I was walking back with some classmates one day after a study session, using the time to express my annoyance at how people treat all Middle Eastern people like terrorists. My other classmates agreed with me, but then one of them, a white male conservative, said something that shocked me. He told me he understood why people were so scared of Middle Eastern people because he was a little scared himself.
There was only one catch. I’m Middle Eastern.
I’ll admit, I don’t look stereotypically Middle Eastern. I have light hair, blue eyes, and an itty bitty nose, like the whitest of white American socialites. I have a very white American name, Camilla, courtesy of my WASPy father. However, I am still proudly and genuinely Middle Eastern.
My mother’s side of the family is Armenian, primarily from Turkey and Iran. Our family also hails from Lebanon, Syria, Jordan, Palestine, and Azerbaijan. We come from Istanbul, Isfahan, Jerusalem, and Beirut. We’ve lived in the Middle East for thousands of years, so we consider ourselves indigenous to the region. Our ancestral tongue is Armenian, as well as Turkish, Arabic, and Farsi. Many of my family members still speak these languages. We eat shish kebab, pilaf, hummus, baklava, tabbouleh, and other delicious Middle Eastern foods that aren’t as well known. My family members have names like Krikor, Arousiak, Satenik, and Armen, that other people think are difficult to pronounce. My grandmother’s house is full of doilies, embroidery, and soorj (coffee) pots from the old country. And trust me, you don’t want to get caught between my family members when they fight over who pays the check.
I still look white, and I consider myself white. My name, religion, and appearance are all familiar to other white Americans. But being Middle Eastern and not looking it can be a strange and painful experience – sometimes I feel like an imposter.
Family gatherings are the worst. My family always comments on my appearance, telling me that I’m pretty because I don’t look Armenian. I always hear how much I look like my father, how lucky I am to have a small nose, and how nobody would ever know I was Middle Eastern. I know they mean to compliment me, but it makes me feel as if I don’t belong – like I’m invisible.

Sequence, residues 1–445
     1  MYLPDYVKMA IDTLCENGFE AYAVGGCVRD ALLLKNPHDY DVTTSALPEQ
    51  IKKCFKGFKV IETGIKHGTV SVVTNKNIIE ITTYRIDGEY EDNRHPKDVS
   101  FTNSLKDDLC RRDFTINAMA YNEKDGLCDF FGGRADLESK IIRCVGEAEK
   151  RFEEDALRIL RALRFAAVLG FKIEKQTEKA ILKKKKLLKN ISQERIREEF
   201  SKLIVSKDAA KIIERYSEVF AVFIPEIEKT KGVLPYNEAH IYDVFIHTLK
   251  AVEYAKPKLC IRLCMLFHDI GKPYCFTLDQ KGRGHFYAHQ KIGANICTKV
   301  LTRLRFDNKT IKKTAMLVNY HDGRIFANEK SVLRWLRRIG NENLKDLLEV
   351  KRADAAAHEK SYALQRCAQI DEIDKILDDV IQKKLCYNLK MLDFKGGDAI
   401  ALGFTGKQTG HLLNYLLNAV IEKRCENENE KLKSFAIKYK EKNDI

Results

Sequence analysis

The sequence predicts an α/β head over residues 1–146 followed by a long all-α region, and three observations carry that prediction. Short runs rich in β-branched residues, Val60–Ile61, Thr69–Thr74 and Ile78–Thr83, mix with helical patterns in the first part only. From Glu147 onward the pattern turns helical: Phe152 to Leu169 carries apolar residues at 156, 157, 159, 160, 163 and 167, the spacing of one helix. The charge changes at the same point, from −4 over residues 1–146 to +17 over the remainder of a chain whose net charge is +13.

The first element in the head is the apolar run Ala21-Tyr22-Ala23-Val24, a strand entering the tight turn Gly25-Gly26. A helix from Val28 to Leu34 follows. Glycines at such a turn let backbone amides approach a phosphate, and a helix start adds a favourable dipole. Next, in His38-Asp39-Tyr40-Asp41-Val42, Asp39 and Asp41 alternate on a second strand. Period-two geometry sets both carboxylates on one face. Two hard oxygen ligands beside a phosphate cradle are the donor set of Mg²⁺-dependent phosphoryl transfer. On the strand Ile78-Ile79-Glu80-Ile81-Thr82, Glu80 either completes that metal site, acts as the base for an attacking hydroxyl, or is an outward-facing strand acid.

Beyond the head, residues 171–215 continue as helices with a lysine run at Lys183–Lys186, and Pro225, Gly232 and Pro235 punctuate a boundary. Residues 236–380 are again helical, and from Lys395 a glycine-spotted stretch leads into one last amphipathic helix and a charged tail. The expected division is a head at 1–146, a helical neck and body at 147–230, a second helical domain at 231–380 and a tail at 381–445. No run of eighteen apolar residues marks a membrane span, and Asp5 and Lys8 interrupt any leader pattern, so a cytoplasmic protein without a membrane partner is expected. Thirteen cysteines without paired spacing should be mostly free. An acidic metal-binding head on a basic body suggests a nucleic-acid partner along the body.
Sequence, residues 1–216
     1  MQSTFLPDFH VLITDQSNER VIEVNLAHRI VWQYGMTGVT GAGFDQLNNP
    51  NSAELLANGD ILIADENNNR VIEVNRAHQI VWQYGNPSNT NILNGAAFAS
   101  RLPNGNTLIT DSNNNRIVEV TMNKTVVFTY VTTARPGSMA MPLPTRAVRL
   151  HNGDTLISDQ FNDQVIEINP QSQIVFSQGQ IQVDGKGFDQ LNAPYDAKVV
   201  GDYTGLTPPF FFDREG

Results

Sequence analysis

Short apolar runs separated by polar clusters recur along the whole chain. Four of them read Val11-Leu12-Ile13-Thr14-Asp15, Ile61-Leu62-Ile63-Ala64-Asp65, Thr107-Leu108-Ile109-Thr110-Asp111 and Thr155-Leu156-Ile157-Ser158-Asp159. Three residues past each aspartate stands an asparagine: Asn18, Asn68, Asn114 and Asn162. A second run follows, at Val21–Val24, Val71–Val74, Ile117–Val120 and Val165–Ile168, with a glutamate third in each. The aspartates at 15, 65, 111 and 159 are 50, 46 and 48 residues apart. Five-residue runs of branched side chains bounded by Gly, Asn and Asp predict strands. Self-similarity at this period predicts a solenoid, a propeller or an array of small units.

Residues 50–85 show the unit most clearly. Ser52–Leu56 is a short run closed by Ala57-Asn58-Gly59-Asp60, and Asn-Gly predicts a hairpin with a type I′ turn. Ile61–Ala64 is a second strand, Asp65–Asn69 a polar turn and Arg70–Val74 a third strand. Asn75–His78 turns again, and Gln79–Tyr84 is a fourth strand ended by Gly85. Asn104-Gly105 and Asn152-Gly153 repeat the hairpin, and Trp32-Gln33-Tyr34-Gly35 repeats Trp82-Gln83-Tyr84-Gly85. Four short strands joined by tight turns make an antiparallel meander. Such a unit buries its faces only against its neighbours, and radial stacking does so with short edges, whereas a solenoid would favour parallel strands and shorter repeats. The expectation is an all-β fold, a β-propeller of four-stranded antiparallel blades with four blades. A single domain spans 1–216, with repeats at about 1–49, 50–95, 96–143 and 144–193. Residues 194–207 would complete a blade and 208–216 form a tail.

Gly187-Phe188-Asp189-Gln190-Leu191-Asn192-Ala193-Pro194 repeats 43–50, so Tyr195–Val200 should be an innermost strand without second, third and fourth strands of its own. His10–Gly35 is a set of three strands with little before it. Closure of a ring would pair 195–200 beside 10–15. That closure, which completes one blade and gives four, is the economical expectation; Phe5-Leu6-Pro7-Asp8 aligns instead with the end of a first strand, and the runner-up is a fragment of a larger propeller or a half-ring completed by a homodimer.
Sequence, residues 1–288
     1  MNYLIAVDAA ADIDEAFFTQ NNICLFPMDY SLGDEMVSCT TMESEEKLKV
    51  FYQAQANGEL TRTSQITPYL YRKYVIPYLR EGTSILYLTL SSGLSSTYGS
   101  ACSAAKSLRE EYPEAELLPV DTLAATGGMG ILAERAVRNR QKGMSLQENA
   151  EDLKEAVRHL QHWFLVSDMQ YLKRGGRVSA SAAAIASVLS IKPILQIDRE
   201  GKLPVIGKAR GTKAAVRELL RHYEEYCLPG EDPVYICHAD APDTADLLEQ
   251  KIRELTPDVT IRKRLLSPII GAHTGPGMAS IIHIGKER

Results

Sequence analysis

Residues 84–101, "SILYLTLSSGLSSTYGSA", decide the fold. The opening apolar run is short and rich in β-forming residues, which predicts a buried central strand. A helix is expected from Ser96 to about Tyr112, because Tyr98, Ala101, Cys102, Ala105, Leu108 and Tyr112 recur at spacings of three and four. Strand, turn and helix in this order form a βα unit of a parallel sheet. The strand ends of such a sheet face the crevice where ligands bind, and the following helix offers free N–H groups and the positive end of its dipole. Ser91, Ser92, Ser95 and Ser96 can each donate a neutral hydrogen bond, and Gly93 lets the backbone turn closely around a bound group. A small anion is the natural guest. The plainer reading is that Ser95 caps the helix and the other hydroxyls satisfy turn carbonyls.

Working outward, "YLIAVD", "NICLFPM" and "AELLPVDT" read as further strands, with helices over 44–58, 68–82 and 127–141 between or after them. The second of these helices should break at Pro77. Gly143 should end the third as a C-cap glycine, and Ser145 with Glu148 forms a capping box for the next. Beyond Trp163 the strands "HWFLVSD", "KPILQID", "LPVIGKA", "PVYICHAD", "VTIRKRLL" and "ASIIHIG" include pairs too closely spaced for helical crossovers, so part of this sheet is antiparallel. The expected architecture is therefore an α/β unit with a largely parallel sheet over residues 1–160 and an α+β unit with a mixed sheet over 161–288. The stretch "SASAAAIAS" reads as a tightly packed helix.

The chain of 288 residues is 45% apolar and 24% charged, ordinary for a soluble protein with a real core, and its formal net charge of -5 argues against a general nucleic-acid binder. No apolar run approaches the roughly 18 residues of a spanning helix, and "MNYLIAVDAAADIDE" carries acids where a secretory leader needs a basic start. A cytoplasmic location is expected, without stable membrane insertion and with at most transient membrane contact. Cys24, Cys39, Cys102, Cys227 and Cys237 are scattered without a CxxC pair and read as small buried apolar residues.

My non-Middle Eastern peers are also not particularly understanding. When I tell people where I’m from, several people have asked if I’ve had a nose job. Oftentimes, I talk about my culture, only to hear some snarky remark like “well, you don’t look like it,” or “you’re only part Middle-Eastern.” I get it, I have never and will never experience the profiling and racism that so many other Middle Eastern people experience. However, my appearance will never erase my cultural and familial roots. It is not up to non-Middle Eastern people to determine how I identify and how I express my culture.
The worst part is that when I’m in white spaces, I hear a lot of racism against Middle Eastern people. Because other white people assume I’m not Middle Eastern, they seem to think they can say terrible things about my culture with no consequences. I’ve heard white boys say they wanted to bomb Iran, without realizing that my family lived in Iran for hundreds of years. I’ve heard white people say that Middle Easterners have sex with goats (we don’t), are all terrorists (also not true), and are all oil tycoons (I do have a relative who was an oil tycoon, but still, that’s not the point).
All of these comments have hurt me deeply. It especially hurts to know that if these people knew that I was Middle Eastern, they wouldn’t have said a thing. These kinds of cowardly racists like to test the waters around other white people, to see how far they can push it. It’s a covert and secret form of racism that I would have never known existed if I didn’t look the way I do.
It’s difficult at times. I almost feel like two people. In one word, I’m a spy in white America who’s there to ruin the fun when someone makes a racist comment. In the other, I’m an assimilated family member who doesn’t understand the traditions and doesn’t look like anyone else. So many times, I feel stuck, torn. I know I could blend into white American culture seamlessly. Still, I don’t want to give up my Middle Eastern heritage.
In the end, as hard as it is, I am grateful for my complexity. It allows me to see the world through multiple lenses, to experience different cultures, and to look past my assumptions of other people. Regardless of how others perceive me, I am immeasurably proud to be Middle Eastern, and I will carry that pride with me all my life.